‘Because It’s the Cup’ Proves a Solid Marketing Phrase for NHL

Early this season, the National Hockey League ran focus groups in New York, Los Angeles, and Toronto featuring a sampling of self-described sports fans. The purpose was to determine fans’ familiarity with the sport of hockey.

At the conclusion of the interview, the moderator asked one simple question: “What is the trophy given to the champion of the NHL?”

“It wasn’t a ‘wow’ moment for us, but it was a reinforcing moment,” says Brian Jennings, SVP, marketing, for the NHL. “We learned that the Cup had so much equity. Everyone knows the Stanley Cup, and that was something we definitely wanted to take advantage of.”

The league’s marketing department was looking to develop a catch phrase that was more welcoming to the casual fan. Thus was born “Because it’s the Cup.”

“Using that word Cup along with the word because gave us a lot of latitude,” Jennings explains. “It gave us the ability to personalize it and to customize it to an individual player and city. It also allowed us to reinforce the authenticity of it on the ice but also broaden it to the sense of, “because it’s the Cup” there are these reasons to come together.”

The NHL was coming off its wildly successful “History Will Be Made” campaign, which was both universally praised and consistently parodied online.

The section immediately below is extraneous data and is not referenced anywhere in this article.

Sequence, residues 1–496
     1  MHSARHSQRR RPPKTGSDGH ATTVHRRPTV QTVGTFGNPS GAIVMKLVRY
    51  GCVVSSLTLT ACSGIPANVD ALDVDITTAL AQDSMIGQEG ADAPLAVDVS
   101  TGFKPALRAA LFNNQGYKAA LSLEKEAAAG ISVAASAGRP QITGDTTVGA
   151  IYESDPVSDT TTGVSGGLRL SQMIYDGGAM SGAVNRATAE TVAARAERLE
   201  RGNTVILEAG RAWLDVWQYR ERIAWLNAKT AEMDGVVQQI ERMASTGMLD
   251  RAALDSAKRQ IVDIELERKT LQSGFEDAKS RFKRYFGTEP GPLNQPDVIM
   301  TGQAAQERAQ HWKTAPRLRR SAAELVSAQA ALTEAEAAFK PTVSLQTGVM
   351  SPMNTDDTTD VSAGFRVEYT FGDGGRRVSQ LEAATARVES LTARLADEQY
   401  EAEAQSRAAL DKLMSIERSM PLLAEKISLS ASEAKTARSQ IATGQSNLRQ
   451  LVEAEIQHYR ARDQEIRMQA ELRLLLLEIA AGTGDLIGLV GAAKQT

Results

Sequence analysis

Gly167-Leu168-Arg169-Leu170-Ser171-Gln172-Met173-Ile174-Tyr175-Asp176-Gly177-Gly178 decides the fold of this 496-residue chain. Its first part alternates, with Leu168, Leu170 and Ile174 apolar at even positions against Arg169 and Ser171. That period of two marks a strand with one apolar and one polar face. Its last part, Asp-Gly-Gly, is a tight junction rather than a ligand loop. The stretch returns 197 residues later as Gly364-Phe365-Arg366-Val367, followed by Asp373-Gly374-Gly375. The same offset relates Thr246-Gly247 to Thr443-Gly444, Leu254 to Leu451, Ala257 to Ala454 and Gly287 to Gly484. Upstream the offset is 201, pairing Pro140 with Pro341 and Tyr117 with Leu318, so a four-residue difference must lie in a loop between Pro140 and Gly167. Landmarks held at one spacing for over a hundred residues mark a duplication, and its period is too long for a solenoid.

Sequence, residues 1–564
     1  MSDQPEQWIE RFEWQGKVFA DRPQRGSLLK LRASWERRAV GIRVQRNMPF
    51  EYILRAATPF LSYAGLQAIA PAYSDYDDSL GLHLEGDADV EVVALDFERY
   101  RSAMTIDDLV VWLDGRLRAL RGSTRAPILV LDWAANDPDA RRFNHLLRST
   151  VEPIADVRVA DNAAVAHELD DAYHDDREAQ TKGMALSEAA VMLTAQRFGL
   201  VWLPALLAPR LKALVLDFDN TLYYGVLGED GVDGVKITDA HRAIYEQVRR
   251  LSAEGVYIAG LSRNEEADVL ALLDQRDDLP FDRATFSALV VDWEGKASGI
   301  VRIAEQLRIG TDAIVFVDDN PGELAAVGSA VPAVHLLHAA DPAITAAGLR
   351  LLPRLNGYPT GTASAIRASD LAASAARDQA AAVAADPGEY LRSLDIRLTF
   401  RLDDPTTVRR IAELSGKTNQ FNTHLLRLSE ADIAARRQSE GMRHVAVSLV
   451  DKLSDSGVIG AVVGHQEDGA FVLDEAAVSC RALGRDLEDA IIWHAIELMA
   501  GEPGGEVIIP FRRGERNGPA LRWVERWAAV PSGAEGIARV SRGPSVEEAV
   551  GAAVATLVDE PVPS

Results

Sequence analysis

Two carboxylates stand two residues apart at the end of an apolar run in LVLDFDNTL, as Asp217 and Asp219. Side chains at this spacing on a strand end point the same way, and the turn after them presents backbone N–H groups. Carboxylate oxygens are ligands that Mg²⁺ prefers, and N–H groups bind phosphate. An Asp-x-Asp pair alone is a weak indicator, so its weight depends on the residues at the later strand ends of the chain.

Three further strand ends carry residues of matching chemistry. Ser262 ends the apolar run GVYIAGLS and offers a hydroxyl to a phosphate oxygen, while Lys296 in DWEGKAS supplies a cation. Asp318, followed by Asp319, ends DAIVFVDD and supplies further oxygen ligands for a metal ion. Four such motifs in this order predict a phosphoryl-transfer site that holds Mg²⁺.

However, a focus on history, the league determined, might have made the message a little too exclusive. The NHL wanted to use its greatest stage, the Playoffs, to welcome in the budding fan base.

“I think, for us, when the word history is used — and we have a lot of history, and that’s a really positive brand attribute — we felt we wanted to make an effort to welcome in those that may not be on the inside of those historic moments,“ says Jennings. “We talk a lot about what is the fan adoption path. If you’re not on the inside of Bobby Orr flying through the air or many of those other iconic moments, it’s not very welcoming to bring you into the Stanley Cup Playoffs that way.

“So a lot of this,” he continues, “was trying to figure out these two months of hockey being played at such a high level. If there’s ever a time to welcome somebody in, this is it. If we are going to invite someone to a party, we want to make sure it’s the most epic party we can throw.”

Hence the focus on the Cup. Aside from a series of commercials customized for teams and players in the Playoffs, the NHL put the image of the Cup everywhere it could. From bus-station wraps and windows that allow fans to take a picture of themselves appearing to hold the Cup over their heads to a 6,600-lb., 21-ft. Stanley Cup in Times Square. The objective was to socialize the Stanley Cup Playoffs, and the league considers it successful: online buzz has spiked, with pictures of fans with the Stanley Cup flooding Facebook and Twitter. Television ratings, across the board, have also been up.

Even though Jennings’s team was looking to take the message in a new direction, there was still the pressure of living up to the expectations established with “History Will be Made.”

“There’s always pressure,” says Jennings. “‘History Will Be Made’ is a campaign that we were incredibly proud of. In many ways, we look at the Stanley Cup Playoffs as the time of the year we want to show all of the attributes of this sport: the intensity, the sacrifice, and the excellence. It is at its best during this two-month period.”

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